Opinion |

A Passover Lesson for Russia’s Putin

Just like Pharaoh before him, Putin, by dint of who he is, is simply incapable of accepting change. It will lead him and his people to ruin

Avraham Bronstein
Avraham Bronstein
Russian President Vladimir Putin presents flowers during a ceremony to award the Order of St. Andrew the Apostle the First-Called to Patriarch Kirill of Moscow, 2021.
Russian President Vladimir Putin presents flowers during a ceremony to award the Order of St. Andrew the Apostle the First-Called to Patriarch Kirill of Moscow, 2021.Credit: Sputnik/Mikhail Metzel/Pool via REUTERS
Avraham Bronstein
Avraham Bronstein

“I did not believe that Vladimir Putin would accept the complete economic, political and moral collapse of his country for the sake of his imperial madness,” German President Franz Walter Steinmeier said earlier this month.

This Passover season, I hear Steinmeier’s surprise as an echo of Pharaoh’s advisors urging him to send the Israelites out of Egypt before the next plague: “Are you not yet aware that Egypt is lost?” (Exodus 10:7). By the end, of course, Egypt is ruined and the Israelites march free.

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As the Russian invasion of Ukraine began, The New York Times’ Frank Bruni expressed his dismayed shock at how the worst parts of recent history seem to be repeating themselves. “Aren’t we supposed to be past this? Didn’t history move on?” he wondered. “Well, Putin didn’t get the message.”

Bruni’s reflection is particularly resonant because a core principle of the Passover narrative is that change is both inevitable and good, while Pharaoh epitomizes the attempt to halt the march of history. Just like Pharaoh before him, the Russian president, by dint of who he is, is simply incapable of responding in his own best interests or those of his people.

One particularly dramatic illustration of this principle of change is in the beginning of Exodus 12, when God instructs Moses and Aaron that the Israelites will adopt and maintain a lunar calendar, in place of the Egyptians’ solar calendar. The rabbis attach profound meaning to this first instruction issued to the Israelites as a nation – for some, everything recorded in the Torah until this point was merely prelude.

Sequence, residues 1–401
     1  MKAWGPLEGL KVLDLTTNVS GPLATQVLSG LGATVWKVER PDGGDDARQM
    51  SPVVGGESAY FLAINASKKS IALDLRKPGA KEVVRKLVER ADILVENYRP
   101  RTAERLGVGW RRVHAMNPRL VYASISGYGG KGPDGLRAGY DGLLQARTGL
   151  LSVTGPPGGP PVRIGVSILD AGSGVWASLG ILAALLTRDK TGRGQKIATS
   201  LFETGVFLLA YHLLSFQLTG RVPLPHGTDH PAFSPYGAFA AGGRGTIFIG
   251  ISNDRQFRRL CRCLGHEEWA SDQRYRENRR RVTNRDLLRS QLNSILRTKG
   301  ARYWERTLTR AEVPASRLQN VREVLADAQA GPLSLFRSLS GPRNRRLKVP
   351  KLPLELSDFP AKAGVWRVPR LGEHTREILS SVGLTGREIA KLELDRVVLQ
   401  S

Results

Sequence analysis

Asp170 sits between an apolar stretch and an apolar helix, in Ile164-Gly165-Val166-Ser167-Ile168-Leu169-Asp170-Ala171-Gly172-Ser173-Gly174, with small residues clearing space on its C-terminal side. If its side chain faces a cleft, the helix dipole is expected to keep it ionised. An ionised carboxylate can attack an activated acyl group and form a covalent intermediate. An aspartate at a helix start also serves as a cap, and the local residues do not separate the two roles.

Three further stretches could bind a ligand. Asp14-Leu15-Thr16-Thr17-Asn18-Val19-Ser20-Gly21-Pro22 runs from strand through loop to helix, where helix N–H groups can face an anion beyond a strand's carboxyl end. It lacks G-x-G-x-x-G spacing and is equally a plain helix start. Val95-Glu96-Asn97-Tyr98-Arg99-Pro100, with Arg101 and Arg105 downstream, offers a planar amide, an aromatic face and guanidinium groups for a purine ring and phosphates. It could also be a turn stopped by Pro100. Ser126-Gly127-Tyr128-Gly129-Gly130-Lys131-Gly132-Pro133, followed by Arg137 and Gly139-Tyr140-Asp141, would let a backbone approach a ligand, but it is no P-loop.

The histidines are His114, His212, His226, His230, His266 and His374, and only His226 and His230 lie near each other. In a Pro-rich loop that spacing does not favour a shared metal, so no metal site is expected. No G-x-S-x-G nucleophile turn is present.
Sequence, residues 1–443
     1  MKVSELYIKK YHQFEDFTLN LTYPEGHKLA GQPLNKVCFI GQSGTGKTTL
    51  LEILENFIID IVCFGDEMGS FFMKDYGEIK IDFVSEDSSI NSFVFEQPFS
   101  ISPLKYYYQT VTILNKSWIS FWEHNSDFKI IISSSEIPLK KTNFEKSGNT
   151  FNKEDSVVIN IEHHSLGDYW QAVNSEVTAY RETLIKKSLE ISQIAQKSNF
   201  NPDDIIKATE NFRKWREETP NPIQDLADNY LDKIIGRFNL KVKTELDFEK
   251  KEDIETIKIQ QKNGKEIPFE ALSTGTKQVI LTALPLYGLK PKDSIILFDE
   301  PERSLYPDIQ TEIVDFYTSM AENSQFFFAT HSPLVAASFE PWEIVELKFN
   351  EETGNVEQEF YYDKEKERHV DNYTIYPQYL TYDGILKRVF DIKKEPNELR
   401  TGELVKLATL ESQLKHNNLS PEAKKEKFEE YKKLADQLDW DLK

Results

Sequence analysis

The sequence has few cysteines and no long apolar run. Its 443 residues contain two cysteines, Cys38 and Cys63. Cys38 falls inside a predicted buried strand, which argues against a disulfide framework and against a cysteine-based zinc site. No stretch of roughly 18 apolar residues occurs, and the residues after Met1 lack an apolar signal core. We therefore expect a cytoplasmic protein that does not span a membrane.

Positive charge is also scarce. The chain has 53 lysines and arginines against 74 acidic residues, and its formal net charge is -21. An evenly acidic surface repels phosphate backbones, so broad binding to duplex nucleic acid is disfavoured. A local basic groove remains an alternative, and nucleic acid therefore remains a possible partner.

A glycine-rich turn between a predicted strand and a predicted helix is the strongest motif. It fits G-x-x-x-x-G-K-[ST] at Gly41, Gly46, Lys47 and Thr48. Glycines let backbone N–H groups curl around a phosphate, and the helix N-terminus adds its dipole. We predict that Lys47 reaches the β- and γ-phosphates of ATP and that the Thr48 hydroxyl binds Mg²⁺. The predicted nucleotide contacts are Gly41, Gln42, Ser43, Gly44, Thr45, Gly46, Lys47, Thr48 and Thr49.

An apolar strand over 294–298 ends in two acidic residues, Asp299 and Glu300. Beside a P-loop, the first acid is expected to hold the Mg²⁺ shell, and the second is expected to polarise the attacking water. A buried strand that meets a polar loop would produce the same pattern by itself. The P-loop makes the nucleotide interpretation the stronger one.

The instruction’s significance lies in the divergent theologies undergirding these different calendars. The Egyptian solar calendar, which was calculated and enforced by the priestly class, justified and reinforced the religious and political systems that supported it: It was calibrated to the annual rising and receding levels of the Nile River, which irrigated crops and sustained life. The priests imbued everything involved – the months, the seasons, the Nile and the sun – with deep religious meaning. Through its unending cycle, year after year, their calendar reflected the immutable stability of the religious and social hierarchy of Egypt, with Pharaoh, the national avatar revered as king and god, at its pinnacle.

Thus by adopting a lunar calendar, the Israelites were not just being different, but subversive. Rejecting the Egyptian calendar implied a rejection of the entire Egyptian social order, including their own place within it as slaves. Adopting a non-Egyptian calendar was almost a precondition to their emancipation.

No wonder Pharaoh held on so stubbornly. Pharaoh knew that his own legitimacy as a ruler depended on maintaining the worldview that demanded it. If the Israelites could become free, his own reign and the Egyptian order that he represented were not set in stone either.

In this way, the modern-day conflict between the Western-leaning, democratic Ukraine and the autocratic throwback Putin, reflects that Biblical struggle between the Israelites and Pharaoh.

A hallmark of a vibrant democratic society is the possibility – even inevitability – of change, growth and social progress. Ukraine had been under the dominion of the Soviet Union and then the Russian sphere of influence until the ouster of corrupt Moscow-aligned President Viktor Yanukovych in 2014. The 2019 election of President Volodymyr Zelenskyy moved the country even closer to the West. There was talk of Ukraine joining the European Union, even NATO.